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1.6 Flow diversion structures technical description

Diversion structures route runoff in excess of base flow to storage facilities during wet periods, for later use during dry periods. Flood diversion structures, such as dikes, are also useful methods for mitigating the adverse effect of torrential rains and at the same time capturing the excess water for later use. The following types of structures have been used to divert flood water for water supply augmentation purposes.

· Transverse Dikes

Transverse dikes are built in sections along a river to store excessive runoff. These dikes can be built using material dredged from the river or transported from adjacent lands. The dike material, usually clay or silt, must be highly compacted and in many cases it is advisable to place riprap on the dike to increase its strength and protect it from erosion.

· Homemade Diversion Structures (toroba)

Toroba are homemade diversion structures built of wooden poles, taken from trees such as the curari and cuji in Venezuela, vegetation residues, and logs. The wooden poles are 50 and 130 cm in length and are placed at intervals of 50 cm to 70 cm to define a wall of debris that will divert the runoff. This technique may also increase infiltration to the groundwater.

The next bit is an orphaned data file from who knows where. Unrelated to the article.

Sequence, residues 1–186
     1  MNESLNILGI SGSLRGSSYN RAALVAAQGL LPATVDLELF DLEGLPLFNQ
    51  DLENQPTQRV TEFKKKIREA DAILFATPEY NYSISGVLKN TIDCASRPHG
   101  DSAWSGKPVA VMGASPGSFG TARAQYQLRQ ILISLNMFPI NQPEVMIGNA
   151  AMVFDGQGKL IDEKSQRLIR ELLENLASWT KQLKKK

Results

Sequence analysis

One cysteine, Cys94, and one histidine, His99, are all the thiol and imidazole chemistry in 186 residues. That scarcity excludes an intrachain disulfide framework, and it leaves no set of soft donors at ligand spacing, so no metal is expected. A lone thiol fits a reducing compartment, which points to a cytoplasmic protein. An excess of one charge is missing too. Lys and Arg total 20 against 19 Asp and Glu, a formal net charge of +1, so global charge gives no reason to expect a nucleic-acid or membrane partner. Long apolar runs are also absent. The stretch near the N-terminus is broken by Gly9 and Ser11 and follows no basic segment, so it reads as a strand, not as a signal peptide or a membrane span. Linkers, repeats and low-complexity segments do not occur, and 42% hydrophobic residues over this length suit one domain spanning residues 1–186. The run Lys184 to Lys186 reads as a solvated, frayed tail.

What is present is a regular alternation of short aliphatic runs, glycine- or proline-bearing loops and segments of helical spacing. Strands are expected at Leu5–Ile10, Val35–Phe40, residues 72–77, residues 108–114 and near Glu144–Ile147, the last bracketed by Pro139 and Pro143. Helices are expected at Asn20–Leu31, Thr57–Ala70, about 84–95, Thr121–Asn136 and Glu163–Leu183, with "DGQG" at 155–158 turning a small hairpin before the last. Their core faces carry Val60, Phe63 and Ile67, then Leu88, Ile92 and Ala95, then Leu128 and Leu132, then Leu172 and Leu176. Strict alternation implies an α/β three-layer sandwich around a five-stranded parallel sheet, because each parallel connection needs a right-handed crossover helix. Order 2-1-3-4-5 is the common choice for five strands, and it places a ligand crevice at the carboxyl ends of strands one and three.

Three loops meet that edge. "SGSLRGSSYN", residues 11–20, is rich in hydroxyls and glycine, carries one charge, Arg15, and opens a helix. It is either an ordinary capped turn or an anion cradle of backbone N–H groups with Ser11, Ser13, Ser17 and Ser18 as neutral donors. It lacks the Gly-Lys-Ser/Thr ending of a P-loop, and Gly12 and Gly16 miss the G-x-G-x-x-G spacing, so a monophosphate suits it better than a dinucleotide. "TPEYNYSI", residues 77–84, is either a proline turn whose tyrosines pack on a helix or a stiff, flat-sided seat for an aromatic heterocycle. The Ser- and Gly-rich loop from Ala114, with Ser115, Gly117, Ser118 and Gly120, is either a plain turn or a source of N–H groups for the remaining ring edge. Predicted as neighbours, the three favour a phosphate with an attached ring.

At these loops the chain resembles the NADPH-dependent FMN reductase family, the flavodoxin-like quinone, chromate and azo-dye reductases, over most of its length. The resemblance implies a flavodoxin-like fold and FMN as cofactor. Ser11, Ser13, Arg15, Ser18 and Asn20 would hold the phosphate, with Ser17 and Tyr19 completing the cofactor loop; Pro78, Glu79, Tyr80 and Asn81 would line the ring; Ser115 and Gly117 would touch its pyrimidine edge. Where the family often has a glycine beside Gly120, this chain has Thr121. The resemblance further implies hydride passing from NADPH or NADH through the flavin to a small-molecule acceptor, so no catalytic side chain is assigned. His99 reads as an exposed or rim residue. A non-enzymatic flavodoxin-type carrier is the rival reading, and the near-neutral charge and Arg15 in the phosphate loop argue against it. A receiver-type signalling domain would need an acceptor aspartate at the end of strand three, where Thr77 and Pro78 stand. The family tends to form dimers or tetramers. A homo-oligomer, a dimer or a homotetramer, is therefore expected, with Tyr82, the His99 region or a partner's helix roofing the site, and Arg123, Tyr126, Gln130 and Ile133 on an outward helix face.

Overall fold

· Water Traps

Water traps are used to control the deleterious effects of runoff in a river basin and to facilitate water storage and the recharge of aquifers. They are built like an earth dam, usually 1 m to 3 m high, using local materials. The walls are compacted in 20 cm layers using the same equipment as is used to build a dam. The edges are trapezoidal with an embankment slope of 2.5:1 at high water and 2:1 at low water. The bottom width of the water trap is 2.5 m. They are normally located across a river bed, segmenting the channel into compartments. Water traps are usually designed to handle runoff produced during a l-in-5 0-year rainfall. The volume of runoff captured depends upon the catchment area and the intensity of the rainfall.

Extent of Use

Transverse dikes have been used on rivers in the State of Sao Paulo and in the Serra do Mar region, Brazil. Water traps have been used in arid and semi-arid regions, particularly in the Province of Mendoza, Argentina. They have been very useful in reducing sedimentation and limiting the risk of flooding. Toroba are used in the State of Falcon, Venezuela. This technique has limited utility, but can be helpful in rural areas that lack technical resources.

Operation and Maintenance